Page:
Once upon a time, the only form of entertainment a passenger could enjoy during a flight was looking out the window, reading, or talking to fellow passengers. Organised passengers may have even brought a deck of cards.
As air travel became increasingly popular, airlines began exploring ways to keep passengers engaged. In 1921, the first inflight entertainment system was introduced, offering a movie for passengers to watch.
In recent years, in-flight entertainment (IFE) systems have come on leaps and bounds. Most airplanes now have a tablet-like touch screen fixed into the seats. This concept (without the touchscreen) was first introduced in 1988, and has since been the most popular and commonly used type of IFE.
From their initial function as a screen to display an in-flight movie, these systems now offer route views and live views of the flight, as well as a choice of audio and video entertainment, rather than a single movie for all passengers. IFEs have seen significant developments over the decades, but with recent advances in technology, these systems are about to take flight.
As WiFi shifts from being a premium offering to a basic need, it’s only a matter of time before this facility becomes available for passengers, along with the use of mobile devices in flight.
Some airlines have introduced tablet-like devices which viewers can pull out to hold in their hands, however this is mostly restricted to first class and business class; economy passengers continue to have the systems fit into the headrests of the seat in front.
These changes to IFEs are not inconsequential, but when compared to the choice and customisation of entertainment available to users on their personal tablets and smartphones, they still have a long way to go if they will ever match up.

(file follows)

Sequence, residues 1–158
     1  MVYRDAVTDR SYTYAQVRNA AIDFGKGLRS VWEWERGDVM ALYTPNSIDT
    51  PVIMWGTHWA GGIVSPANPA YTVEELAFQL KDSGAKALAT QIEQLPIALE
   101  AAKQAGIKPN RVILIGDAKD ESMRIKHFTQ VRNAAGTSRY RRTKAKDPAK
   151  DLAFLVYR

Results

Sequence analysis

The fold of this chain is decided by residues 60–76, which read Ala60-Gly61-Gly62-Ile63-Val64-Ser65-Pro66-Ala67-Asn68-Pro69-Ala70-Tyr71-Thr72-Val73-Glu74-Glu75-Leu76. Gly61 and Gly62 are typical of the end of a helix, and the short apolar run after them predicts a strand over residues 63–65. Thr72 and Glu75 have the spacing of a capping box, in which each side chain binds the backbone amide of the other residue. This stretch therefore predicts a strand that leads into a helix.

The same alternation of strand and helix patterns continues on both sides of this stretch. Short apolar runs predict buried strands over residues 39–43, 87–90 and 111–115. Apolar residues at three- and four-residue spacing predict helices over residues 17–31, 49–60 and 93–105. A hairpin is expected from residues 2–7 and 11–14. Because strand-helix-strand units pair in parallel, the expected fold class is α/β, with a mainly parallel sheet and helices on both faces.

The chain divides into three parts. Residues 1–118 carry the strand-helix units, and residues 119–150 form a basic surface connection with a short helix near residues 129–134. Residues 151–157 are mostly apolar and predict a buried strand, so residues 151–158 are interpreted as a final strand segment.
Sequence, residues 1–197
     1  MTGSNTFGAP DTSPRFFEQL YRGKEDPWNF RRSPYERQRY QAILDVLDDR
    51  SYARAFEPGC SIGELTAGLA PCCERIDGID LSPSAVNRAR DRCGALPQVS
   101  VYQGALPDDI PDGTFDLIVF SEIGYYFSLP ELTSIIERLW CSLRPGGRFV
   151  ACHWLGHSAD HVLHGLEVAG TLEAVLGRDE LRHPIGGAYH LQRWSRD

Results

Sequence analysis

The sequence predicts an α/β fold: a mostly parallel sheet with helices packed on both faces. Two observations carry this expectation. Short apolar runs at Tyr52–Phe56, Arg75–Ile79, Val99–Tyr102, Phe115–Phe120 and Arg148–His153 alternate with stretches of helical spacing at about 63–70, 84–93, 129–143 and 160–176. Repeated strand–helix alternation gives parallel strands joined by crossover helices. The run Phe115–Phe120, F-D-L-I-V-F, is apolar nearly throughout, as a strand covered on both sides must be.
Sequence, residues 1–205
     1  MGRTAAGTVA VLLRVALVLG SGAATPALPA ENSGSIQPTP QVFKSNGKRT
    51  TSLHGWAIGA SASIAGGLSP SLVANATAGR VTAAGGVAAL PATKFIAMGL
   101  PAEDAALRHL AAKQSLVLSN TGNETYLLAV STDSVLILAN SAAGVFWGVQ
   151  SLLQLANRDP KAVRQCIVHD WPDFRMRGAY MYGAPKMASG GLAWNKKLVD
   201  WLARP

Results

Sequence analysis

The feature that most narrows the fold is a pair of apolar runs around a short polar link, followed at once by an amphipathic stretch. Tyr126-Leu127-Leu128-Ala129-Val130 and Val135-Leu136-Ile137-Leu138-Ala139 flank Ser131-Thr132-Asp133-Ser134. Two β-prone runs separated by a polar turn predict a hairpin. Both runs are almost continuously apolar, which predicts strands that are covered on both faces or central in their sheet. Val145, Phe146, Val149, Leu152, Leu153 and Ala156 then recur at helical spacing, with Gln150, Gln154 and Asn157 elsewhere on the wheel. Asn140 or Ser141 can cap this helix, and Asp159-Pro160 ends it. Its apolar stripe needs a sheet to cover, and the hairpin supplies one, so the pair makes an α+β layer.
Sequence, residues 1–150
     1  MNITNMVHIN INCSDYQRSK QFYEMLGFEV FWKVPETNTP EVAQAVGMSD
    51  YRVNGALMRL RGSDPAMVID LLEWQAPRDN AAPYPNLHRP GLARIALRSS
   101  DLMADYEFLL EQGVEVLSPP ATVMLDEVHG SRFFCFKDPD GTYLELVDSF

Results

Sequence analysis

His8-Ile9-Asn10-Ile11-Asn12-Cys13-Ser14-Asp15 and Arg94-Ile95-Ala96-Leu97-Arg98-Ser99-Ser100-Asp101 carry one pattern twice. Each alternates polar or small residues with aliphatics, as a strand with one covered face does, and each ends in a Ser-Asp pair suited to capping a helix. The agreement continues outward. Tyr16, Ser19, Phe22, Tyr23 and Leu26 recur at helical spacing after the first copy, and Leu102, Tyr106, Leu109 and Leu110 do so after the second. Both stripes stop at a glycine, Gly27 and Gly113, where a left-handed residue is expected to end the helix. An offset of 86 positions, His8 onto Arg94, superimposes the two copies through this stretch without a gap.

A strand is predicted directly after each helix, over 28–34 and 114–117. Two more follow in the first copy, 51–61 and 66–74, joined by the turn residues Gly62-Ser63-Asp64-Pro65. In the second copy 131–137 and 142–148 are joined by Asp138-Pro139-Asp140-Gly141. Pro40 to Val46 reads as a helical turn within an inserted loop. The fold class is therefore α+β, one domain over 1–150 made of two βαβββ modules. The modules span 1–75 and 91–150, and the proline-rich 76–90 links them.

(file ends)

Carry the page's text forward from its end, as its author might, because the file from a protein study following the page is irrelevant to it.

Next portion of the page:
A Personal Travel Experience
Many passengers favour a single airline for their travel needs, as it gives them confidence and comfort to choose an airline they have previous experience with. Airline loyalty programmes go some way in shaping the travel preferences of customers, ensuring passengers continue to fly with their airline over others. However, in reality, airlines do very little to build brand loyalty and trust amongst consumers.
Airlines have the potential to significantly improve the in-flight entertainment experience, by personalising their systems for individual users. By enabling users to log in using an account number, the IFE could access passenger information from details provided at the time of purchasing the ticket, and any previous journeys. This information could then be used to make specific channels (both audio and video) available to the customer, based on their previous usage and preferences.
What’s more, the inflight system could also enable customers to order their drinks, meals and any other special requirements, without requesting the flight attendant. This would make the lives of stewards and stewardesses much easier; they only need to visit passengers’ seats once, saving them time whilst reducing disturbance to passengers who are sleeping.
Some airlines also give customers the option to purchase in-flight goods during their journey, and make donations to various charity organisations. It would make sense for customers to be able to view and order these items on their touchscreen. They could also pay for the items electronically, and choose to either pick up the item at the end of the flight, or have it delivered to their preferred address.
Onwards and Upwards for IFEs
All of these changes are possible in the not too distant future – it’s simply the logical evolution of in-flight entertainment systems. The next generation of IFEs could even allow customers to stream entertainment from these systems, onto their own devices, to take in-flight entertainment to the next level. However, one thing’s for sure, travel entertainment is set to experience rapid change over the coming years.
Want to share your thoughts on the direction of in-flight entertainment systems? Tweet us at @hedgehoglab – we’d love to hear your ideas!
This blog was written by Hedgehog Labs Client Services Director Matthew O’Connor and published here